The fight for European crypto regulation continues. Participants in the tripartite negotiations between the EU Parliament, member states and the Commission on the controversial Transfer Funds Regulation (TFR) reached a compromise on Wednesday.
With the TFR regulation, the EU is trying to implement guidelines to prevent money laundering and terrorist financing in the crypto space. The discussion focused on different ideas about the basic obligation to collect transaction data and the proper handling of so-called “unhosted wallets”.
Since June 29 it has been clear that the collection of transaction data will be included in the final text of the law. No minimum quantity is foreseen from which the data will be collected. According to a press release, so far crypto transactions could easily exceed such thresholds. In principle, the data migrates with the transaction. Therefore, they are stored by both the sending and receiving parties. However, if the protection of personal data is in doubt on the part of the recipient, the obligation to transmit data does not apply. Transactions between two private wallets are exempt from regulation.
On the night of today, July 1, it was also learned that the EU had regulated the regulation of Bitcoin and Co. using MiCA. More on this here:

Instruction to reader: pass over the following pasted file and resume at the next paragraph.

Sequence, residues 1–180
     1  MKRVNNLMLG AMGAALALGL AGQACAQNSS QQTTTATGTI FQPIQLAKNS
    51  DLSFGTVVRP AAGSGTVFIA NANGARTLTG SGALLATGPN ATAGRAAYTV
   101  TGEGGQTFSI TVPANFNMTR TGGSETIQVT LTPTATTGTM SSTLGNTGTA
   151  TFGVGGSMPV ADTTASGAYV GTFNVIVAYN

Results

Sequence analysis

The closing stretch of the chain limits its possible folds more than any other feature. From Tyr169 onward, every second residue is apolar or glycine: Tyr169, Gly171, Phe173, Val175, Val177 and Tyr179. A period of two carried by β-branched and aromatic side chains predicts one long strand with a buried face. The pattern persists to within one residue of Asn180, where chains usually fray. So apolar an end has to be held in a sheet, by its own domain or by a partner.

“Unhosted wallets” only need to be verified once
The regulation also provides a framework for transactions between wallets managed by crypto exchanges and comparable service providers (so-called CASPs) and those that are external to these structures. In cases where the client sends or receives more than 1000 EUR to a “non-hosted wallet”, the crypto service provider must verify that the wallet belongs to the client. This test must be performed once. So the fundamental ban on “unhosted wallets” is off the table.
Crypto service providers must continue to apply a risk-based approach to transactions with non-client third-party “non-hosted wallets.” Therefore, exchanges probe for money laundering and terrorist financing risk before approving such a transaction. In case of doubt, it applies a series of information gathering measures aimed at reducing this risk. This echoes the proposal of the federal government, which advocated the use of blockchain analysis tools on a case-by-case basis.
The crypto community remains skeptical
EU representatives spoke positively about the new rules. According to Assita Kanko of the Committee on Civil Liberties, Justice and Home Affairs, “the misuse of crypto assets will be significantly more difficult and innocent traders and investors will be better protected.”
Robert Kopitsch, Secretary General for the Advocacy block chain for europe, was more ambiguous for BTC-ECHO:
The Funds Transfer Regulation is not a work of art in the form adopted, but it allows the industry to remain operational taking into account the technological reality, including DeFi or self-custody wallets. Only the issue of data collection and privacy remains questionable, but the ECJ recently commented on this. And his decision suggests that the last word on the matter has yet to be said.
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